13

Misusing a Metric No one else has really covered this, so I'm going to point out that this appears to be a misuse of a management metric. Specifically: He did a semi-good job this year, completing a number of complex tasks and people seem to get along really well with him and he is always willing to help. That's the summary of the actual management ...


13

There are consequences to his behavior. For one thing, (assuming he as an at-will employee and your live in an at-will area) there is nothing stopping your company from cutting string with this person immediately. From the sound of things, he is in sabotage mode so it would be in your company's best interest to mitigate that and send him on his way. That ...


11

I have seen highly effective teams full of junior developers and disastrous teams full of senior developers. Rather than focusing on seniority and experience, I recommend: Hiring highly collaborative people Looking for a good mix of personality types (starters, completer-finishers, etc.) Hiring people with good leadership skills - willing to step up and ...


8

The criteria you will use for assessment depend on what you, as a boss, value, on what's for you, as a boss, important. You may create a long list of them (communication, honesty, humor, transparency...) , but people will get confused, so I'd limit to few, like 5 or 7, choosing the most important for you. In my opinion more important than a list itself, ...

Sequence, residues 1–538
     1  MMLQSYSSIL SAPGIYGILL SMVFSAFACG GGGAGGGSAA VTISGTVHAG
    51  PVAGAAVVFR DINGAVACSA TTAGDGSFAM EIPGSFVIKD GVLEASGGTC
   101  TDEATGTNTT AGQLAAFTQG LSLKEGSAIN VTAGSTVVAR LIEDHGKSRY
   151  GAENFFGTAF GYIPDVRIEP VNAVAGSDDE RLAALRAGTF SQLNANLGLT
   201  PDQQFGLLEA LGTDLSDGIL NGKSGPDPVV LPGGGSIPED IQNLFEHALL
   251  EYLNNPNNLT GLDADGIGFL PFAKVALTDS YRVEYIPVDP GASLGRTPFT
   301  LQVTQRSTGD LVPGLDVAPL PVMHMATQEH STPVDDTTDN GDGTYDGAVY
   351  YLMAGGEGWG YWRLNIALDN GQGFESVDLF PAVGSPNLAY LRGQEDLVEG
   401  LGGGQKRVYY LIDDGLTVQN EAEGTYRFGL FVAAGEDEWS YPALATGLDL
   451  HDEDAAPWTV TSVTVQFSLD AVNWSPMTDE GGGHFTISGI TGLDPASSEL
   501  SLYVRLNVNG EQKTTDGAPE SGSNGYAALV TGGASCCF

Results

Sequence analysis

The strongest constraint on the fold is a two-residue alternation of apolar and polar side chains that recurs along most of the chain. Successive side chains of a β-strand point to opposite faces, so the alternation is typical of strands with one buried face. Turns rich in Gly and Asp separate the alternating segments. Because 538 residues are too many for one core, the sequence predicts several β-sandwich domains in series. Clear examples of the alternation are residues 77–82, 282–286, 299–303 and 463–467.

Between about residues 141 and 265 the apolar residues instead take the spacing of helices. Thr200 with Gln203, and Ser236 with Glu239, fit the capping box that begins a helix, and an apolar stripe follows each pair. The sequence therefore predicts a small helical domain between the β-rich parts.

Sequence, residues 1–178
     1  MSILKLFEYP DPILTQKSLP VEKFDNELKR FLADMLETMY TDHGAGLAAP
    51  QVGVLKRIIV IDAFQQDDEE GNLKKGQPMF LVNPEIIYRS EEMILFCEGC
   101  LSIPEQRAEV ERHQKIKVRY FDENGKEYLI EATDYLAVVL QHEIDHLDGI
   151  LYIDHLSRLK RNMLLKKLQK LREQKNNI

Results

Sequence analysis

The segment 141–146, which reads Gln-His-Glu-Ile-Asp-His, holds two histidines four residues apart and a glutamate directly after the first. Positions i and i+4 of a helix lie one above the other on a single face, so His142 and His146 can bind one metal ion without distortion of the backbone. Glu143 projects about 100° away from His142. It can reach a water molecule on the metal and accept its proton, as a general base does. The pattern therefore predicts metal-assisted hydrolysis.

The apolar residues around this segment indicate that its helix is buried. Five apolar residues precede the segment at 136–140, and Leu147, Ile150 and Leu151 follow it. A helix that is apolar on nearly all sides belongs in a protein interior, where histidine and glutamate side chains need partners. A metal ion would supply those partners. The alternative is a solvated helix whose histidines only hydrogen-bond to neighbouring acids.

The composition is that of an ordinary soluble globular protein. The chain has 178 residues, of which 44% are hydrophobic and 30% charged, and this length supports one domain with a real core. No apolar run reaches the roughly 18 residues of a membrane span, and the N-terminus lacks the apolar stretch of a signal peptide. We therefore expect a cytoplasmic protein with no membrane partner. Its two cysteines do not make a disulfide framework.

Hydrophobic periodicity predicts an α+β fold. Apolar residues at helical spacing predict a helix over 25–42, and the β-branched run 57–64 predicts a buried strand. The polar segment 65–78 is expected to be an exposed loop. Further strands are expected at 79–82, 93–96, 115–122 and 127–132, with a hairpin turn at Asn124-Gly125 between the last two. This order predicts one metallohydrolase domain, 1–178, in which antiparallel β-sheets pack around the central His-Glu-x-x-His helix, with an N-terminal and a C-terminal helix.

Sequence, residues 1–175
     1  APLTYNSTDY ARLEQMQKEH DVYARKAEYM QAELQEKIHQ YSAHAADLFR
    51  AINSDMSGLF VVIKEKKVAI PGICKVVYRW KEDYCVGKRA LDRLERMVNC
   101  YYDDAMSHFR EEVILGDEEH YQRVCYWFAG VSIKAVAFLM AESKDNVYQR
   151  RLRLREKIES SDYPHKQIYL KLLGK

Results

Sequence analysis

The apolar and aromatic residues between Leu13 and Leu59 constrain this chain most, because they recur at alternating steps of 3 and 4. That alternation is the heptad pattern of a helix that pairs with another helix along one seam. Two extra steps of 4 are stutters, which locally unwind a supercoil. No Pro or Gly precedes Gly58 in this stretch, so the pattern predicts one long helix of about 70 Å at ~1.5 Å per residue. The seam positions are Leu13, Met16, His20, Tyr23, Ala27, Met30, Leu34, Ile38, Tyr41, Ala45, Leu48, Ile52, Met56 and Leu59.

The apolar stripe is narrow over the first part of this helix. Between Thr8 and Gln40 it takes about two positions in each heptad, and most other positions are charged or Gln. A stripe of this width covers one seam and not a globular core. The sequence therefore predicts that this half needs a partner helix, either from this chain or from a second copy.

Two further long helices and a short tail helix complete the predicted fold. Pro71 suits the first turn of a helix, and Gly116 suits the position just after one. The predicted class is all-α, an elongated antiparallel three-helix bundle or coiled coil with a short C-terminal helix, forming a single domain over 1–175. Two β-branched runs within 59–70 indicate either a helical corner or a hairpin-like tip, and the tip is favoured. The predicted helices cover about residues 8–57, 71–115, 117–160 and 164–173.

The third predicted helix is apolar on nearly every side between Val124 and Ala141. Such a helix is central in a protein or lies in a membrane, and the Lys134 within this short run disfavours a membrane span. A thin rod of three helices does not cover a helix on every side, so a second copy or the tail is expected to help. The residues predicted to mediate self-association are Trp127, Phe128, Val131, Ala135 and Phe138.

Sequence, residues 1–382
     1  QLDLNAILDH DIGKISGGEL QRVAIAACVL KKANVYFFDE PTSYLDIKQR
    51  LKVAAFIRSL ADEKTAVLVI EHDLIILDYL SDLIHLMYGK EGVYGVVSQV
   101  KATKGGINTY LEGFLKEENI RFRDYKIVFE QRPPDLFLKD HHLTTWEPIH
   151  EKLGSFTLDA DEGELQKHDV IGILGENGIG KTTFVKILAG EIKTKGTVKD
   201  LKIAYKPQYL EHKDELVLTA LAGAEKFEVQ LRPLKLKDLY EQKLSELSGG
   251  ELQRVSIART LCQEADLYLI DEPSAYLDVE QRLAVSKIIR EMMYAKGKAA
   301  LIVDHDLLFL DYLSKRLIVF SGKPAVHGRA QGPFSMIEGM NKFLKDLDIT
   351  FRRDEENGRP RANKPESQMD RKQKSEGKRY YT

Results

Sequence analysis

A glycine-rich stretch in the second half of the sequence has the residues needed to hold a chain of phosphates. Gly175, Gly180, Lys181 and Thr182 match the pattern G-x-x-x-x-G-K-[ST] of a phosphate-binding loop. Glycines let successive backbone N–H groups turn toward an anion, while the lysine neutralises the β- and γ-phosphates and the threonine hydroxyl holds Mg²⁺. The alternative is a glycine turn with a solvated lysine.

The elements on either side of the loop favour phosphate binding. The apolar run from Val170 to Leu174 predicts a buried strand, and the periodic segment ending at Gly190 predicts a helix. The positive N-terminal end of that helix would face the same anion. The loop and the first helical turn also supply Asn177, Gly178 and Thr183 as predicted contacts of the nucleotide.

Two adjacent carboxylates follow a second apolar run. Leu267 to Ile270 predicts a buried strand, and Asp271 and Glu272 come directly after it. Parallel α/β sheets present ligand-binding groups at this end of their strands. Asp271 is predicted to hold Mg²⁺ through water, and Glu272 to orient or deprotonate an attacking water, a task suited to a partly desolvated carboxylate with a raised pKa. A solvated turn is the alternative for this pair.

8

Summary Does it make sense to hire a product owner from outside the company? If I do what skills should they have? Maybe. A better question is whether someone from inside the company or outside the company will have a better vision for a given product. I've personally been successful as an outside Product Owner, and have seen inside Product Owners both ...


7

TL;DR The loss or malfeasance of key personnel is always a project risk. You can often mitigate such risks through technical or administrative controls, separation of duties, and cross-training, but the risk level will never be zero. Once a risk is actualized, preventative controls are rarely practical. Instead, you will need to trigger (or create) ...


6

EI and conflict management goes hand in hand. EI will be useful in all areas - Negotiations with client during inconvenient situations Motivation to resources who may not be happy with their role/responsibilities or senior management Conflict between team members Your team member may not be happy with you as well, you dont have to take it personally and ...


6

There are three key things that a PO should have to be successful: Authority, Time, and Knowledge. So, to your point, without having domain knowledge, the Product Owner's job becomes very difficult. I've worked with some very good Product Owners who are great at connecting to people with the knowledge and asking the right questions. This can bridge the ...